> >>> devices. So unfortunately this is not always an option, and we need an OOM Report.
> >>
> >> I am not sure how the system needs some minutes to reboot would be relevant for the
> >> discussion here. The idea is to save a vmcore and it can be analyzed offline even on
> >> another system as long as it having a matching âvmlinux.".
> >>
> >>
> >
> > If selecting a dump on an OOM event doesn't reboot the system and if
> > it runs fast enough such
> > that it doesn't slow processing enough to appreciably effect the
> > system's responsiveness then
> > then it would be ideal solution. For some it would be over kill but
> > since it is an option it is a
> > choice to consider or not.
> It sounds like you are looking for more of this,

If you want to supplement the OOM Report and keep the information together than
you could use EBPF to do that. If that really is the preference it
might make sense
to put the entire report as an EBPF script than you can modify the
script however
you choose. That would be very flexible. You can change your
configuration on the
fly. As long as it has access to everything you need it should work.

Michal would know what direction OOM is headed and if he thinks that fits with
where things are headed.

I'm flexible in he sense that I could change our submission to make
specific updates
to the existing OOM code. We kept it as separate as possible as for
ease of porting.
But if we can build an acceptable case for making updates to the existing OOM
Report code that works.

Our current implementation has some knobs to allow some limited scaling that
has advantages over print rate limiting and it may allow environments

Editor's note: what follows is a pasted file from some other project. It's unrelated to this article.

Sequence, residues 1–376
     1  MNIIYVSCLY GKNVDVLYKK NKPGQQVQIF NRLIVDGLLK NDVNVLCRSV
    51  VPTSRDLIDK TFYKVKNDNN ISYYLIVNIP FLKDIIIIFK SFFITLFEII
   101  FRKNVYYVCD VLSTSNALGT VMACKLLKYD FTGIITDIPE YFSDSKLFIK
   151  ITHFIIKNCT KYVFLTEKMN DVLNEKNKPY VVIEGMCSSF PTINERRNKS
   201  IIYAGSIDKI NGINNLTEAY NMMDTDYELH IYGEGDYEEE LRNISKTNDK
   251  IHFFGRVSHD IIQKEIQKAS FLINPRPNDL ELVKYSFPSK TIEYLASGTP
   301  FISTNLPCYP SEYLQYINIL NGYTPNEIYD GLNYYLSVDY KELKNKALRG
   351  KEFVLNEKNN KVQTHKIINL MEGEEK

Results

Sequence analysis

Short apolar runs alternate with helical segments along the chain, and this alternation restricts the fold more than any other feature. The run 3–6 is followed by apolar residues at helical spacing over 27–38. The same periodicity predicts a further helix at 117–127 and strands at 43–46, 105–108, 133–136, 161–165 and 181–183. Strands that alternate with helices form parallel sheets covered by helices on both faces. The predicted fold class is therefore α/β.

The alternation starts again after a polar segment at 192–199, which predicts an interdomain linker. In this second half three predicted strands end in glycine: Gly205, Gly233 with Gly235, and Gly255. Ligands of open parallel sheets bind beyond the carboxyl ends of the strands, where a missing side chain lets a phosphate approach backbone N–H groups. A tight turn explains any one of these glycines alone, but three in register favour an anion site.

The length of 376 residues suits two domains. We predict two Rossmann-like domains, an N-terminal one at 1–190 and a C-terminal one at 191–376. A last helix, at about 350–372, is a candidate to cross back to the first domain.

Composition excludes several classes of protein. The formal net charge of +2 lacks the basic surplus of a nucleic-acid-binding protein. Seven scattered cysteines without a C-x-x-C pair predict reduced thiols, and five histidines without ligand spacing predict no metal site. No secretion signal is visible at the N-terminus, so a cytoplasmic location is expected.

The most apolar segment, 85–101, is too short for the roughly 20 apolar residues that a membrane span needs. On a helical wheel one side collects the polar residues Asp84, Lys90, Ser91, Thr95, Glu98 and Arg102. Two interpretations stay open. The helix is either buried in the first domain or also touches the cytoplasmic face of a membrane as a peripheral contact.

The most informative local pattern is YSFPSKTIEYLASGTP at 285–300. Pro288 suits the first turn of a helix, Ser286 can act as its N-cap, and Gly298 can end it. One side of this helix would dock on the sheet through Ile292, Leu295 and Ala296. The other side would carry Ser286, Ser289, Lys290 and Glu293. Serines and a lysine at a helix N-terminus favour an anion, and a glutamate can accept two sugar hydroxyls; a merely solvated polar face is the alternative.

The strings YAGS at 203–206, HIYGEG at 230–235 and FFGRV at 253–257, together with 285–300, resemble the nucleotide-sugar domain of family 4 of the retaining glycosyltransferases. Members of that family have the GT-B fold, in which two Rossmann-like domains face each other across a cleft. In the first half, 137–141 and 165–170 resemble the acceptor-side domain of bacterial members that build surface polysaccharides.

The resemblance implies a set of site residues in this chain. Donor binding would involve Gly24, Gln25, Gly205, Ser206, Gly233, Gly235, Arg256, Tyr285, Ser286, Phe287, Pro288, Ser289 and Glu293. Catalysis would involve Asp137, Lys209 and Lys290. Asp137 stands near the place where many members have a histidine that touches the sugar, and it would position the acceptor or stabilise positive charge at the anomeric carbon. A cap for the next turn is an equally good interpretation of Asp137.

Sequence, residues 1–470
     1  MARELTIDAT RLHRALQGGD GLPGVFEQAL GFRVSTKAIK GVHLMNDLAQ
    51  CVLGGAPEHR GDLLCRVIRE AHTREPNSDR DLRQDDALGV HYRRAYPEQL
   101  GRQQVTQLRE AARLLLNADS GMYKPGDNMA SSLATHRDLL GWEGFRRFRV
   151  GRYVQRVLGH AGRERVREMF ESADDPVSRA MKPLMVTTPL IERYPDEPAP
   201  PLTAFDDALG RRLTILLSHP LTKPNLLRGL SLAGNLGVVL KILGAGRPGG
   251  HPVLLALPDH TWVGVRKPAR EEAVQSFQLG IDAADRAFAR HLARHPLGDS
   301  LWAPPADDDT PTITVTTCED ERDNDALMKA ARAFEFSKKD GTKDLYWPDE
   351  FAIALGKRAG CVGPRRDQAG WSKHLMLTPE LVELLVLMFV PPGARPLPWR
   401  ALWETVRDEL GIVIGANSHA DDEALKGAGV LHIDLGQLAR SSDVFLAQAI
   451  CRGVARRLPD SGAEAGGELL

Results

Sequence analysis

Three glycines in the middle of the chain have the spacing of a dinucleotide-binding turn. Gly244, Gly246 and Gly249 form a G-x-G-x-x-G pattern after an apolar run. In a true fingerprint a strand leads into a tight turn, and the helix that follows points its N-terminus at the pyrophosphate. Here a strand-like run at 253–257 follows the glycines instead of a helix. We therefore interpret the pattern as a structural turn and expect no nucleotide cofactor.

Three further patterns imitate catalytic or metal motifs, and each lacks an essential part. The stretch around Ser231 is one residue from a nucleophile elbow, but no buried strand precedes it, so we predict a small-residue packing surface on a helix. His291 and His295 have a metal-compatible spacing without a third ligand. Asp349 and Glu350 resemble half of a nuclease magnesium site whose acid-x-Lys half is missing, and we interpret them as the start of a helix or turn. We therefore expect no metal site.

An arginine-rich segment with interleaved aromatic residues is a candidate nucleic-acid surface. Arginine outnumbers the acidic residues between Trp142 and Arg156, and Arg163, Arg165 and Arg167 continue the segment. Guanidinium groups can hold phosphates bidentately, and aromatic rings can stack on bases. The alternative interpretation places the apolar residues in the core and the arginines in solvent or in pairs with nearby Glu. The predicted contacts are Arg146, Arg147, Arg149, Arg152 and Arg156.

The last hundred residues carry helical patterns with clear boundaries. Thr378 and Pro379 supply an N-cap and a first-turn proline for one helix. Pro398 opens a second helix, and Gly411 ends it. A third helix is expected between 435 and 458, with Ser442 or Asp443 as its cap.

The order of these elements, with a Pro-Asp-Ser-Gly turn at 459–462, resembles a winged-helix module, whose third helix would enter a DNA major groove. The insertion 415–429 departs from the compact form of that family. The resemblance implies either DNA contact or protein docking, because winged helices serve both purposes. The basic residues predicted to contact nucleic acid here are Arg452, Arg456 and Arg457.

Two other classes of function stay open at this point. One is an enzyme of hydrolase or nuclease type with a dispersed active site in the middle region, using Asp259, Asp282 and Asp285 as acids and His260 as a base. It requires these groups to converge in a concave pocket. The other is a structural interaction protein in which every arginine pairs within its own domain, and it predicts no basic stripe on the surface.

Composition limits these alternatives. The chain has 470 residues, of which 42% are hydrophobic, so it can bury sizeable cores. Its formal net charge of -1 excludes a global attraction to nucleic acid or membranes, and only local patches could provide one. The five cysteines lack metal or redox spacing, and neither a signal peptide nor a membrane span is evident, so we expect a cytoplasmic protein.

that didn't
want to allow process printing or slab or vmalloc entry allocations
printing to do
so without generating a lot of output.

But the existing code could be modified to do the same thing. Possibly without
having a configuration interface if that is not desirable. It could look at
the number entries to potentially print for example and if the number
is small it
could print them all or scale selection based on a default memory usage. Do you
really care about slab or vmalloc entries using 1 MB or less of memory on a
256 GB system for example? Probably not. Our approach let's you size this
and has a default that may be reasonable for many environments. But it allows
you to configure things which adds some complexity.

Now you could in theory produce the entire OOM Report plus anything we've
purposed with an EBPF script. Haven't done it but assume it works with 5.3.
Problem with any type of plugin and or configurable option is testing as
Michal mentions and the fact it may or not be present.

For production systems installing and updating EBPF scripts may someday
be very common, but I wonder how data center managers feel about it now?
Developers are very excited about it and it is a very powerful tool but can I
get permission to add or replace an existing EBPF on production systems?
If there is reluctance for security or reliability or any issue than I
would rather
have the code in the kernel so I know it is there and is tested. Just as I would
prefer not to have the config options for reasons Michal cites, but
I'll take that
if that is the best I can get.

Will be interested to hear what Michal advises.